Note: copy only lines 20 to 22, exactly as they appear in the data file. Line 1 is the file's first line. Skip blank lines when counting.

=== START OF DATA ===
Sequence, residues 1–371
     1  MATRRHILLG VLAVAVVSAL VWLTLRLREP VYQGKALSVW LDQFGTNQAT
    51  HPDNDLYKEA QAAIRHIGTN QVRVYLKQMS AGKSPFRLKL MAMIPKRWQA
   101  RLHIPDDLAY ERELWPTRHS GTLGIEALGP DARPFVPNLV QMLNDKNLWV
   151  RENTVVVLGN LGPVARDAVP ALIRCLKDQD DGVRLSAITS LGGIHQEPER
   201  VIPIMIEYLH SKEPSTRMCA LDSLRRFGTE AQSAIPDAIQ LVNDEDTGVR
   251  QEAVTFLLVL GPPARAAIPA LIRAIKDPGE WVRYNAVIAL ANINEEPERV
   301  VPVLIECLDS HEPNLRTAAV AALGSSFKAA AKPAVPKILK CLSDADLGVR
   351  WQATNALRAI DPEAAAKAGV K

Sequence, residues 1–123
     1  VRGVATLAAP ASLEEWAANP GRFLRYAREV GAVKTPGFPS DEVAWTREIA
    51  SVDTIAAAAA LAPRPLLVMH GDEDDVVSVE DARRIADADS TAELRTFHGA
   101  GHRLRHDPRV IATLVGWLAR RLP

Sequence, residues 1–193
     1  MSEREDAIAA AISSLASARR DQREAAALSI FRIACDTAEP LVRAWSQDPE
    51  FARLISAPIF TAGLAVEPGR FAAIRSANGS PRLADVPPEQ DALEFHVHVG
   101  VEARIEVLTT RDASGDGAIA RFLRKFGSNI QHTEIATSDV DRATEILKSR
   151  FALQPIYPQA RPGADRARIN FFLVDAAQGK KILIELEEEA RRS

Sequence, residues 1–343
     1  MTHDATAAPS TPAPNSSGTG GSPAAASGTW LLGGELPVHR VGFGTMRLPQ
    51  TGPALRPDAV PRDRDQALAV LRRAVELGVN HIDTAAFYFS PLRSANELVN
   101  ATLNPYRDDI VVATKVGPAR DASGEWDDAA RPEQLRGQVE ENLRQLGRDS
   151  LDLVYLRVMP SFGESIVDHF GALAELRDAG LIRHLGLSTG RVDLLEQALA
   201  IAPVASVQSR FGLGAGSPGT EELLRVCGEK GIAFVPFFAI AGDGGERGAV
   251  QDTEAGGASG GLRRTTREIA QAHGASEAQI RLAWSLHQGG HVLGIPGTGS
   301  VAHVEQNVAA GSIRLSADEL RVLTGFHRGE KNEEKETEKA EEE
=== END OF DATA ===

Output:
     1  MTHDATAAPS TPAPNSSGTG GSPAAASGTW LLGGELPVHR VGFGTMRLPQ
    51  TGPALRPDAV PRDRDQALAV LRRAVELGVN HIDTAAFYFS PLRSANELVN
   101  ATLNPYRDDI VVATKVGPAR DASGEWDDAA RPEQLRGQVE ENLRQLGRDS